I was recovering from a cold and wheezed into a follower’s ear. ‘Are you okay?’ she asked with a concerned voice. ‘It’s just a little wheeze from my cold’, I answered. ‘Really’, she said, in obvious disbelief. ‘If you want to rest, or sit, let me know, okay?’ ‘It’s just some bronchitis on my chest’, I insisted, ‘Had it as a child. I can’t hear it myself.’ She looked at me with pity. ‘I’m just worried about you.’ She didn’t say: ‘I don’t want you to die in my arms’, but I could hear it, anyway. For the next tango, I attempted to hold my breath for 2,5 minutes. Later, I wondered if this was my first experience of ageism: that form of subtle prejudice and stereotyping that makes followers turn their heads away. And gets you discreetly moved to lower places on waiting lists.
As I regularly redefine the time span of the term ‘middle-aged’, ageism in tango worries me more. Society is aging, and there’s little chance that I’ll be overlooked. I’ve experienced the new fifty, and the new sixty, and wonder with some trepidation what the new seventy will hold for me: that time when society will euphemistically categorize me as ‘Senior’. I admit that the milonga organizer in me is a dreadful ageist. When I visit an unfamiliar milonga I routinely take the headcount and analyze its demographics, until I realize that the grandmothers and grandfathers in the group are likely scoring me on the age ladder as well – as are the thirty-somethings. Thirty-somethings are probably the worst ageists.
Occasionally, young dancers complain to me about the tango crowd not getting any younger. I respond with sympathetic sounds, like the despicable hypocrite that I am. As if the complaint, surely, does not include me, the man who will forever be twenty-three. Still, around me, I’ve seen wrinkles multiply and hairs turn grey, as did mine. I’ve heard women fret about when to stop dying their hair, maestros develop knee conditions and guys of sixty show up with glistening black hairdos. I’ve also seen young dancers defiantly organize milongas ‘for the young’, afterwards eagerly visited by the old. Eventually, they all blend in again quietly, in philosophical acceptance.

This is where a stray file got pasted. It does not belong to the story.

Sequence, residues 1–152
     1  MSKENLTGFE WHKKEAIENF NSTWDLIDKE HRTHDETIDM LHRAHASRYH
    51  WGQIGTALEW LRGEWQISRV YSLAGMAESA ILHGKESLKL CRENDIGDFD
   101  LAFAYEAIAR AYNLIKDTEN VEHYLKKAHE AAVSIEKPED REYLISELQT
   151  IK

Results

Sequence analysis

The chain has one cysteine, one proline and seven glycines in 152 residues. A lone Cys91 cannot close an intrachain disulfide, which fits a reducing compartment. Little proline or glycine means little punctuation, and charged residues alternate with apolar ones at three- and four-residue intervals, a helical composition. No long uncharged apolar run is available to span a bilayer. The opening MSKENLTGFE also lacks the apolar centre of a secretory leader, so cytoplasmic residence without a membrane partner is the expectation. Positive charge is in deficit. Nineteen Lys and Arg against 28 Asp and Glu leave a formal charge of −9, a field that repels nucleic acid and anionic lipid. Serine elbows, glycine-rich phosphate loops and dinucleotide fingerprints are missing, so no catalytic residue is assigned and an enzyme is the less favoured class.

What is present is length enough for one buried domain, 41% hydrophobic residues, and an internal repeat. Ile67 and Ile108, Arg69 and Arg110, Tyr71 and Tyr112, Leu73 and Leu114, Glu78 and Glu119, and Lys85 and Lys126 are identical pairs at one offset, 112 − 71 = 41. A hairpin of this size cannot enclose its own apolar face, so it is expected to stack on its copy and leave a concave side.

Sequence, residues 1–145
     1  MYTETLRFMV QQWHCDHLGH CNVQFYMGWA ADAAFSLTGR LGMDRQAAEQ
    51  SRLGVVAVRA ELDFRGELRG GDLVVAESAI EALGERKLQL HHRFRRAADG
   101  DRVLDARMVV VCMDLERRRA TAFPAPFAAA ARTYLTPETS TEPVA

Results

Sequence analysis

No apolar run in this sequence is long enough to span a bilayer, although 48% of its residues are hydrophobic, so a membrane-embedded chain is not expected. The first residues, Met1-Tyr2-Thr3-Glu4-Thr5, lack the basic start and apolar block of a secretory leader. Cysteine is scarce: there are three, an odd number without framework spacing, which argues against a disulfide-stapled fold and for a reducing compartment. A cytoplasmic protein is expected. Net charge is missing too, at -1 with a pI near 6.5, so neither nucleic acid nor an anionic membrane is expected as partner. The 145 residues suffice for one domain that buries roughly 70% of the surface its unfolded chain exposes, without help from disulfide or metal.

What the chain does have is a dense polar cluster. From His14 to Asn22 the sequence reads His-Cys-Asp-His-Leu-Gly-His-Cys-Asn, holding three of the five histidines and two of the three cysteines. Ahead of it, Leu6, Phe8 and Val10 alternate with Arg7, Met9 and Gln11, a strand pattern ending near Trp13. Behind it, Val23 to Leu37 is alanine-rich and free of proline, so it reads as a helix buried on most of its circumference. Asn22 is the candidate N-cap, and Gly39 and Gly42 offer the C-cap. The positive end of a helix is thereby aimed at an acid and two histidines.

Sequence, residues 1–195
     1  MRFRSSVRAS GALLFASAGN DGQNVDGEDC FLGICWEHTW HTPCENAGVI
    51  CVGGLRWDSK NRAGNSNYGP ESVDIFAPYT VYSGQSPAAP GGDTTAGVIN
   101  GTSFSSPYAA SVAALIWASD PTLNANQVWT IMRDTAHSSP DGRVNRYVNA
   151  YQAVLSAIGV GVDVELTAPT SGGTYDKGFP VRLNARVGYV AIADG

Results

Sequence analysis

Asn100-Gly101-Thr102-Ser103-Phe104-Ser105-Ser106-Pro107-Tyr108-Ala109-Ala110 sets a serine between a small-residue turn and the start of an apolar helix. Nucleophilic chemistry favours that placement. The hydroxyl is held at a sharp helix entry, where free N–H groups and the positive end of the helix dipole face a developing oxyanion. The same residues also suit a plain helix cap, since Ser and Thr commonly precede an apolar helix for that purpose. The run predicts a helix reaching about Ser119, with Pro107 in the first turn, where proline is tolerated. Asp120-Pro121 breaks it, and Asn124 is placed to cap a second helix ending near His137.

The mixing of generations and prioritizing dance skills over age may be one of the biggest assets of tango. I know that a lot of women now think: ‘that’s because you’re a man.’ Still, I sense something is shifting. Maybe in the coming decades, we’ll be less ageist, when retirees have the time to be relaxed, fit, yoga-stretched dancers, who vastly outnumber the annoyingly confident, beautiful youngsters, who still have kids or careers to manage, sitting behind screens all day accumulating stress and fat. Quite a few of them have wheezed in my ear, after a couple of nicely accelerating waltzes.
During a recent 3-day event, my most favored and technically proficient dance partners shared pictures of their grandchildren with me. The youngest dancers in the event were in their late thirties. Everybody was all fine with that, and so was I: if I wheezed, nobody would mind, and, most likely, they wouldn’t even hear! Wait – did I do it again now?
Story posted by: Martin van Kesteren
About the author: Organiser, Writer from Amsterdam
Published: 13 Mar 2023 @ 14:03
Last modified: 13 Mar 2023 @ 14:03
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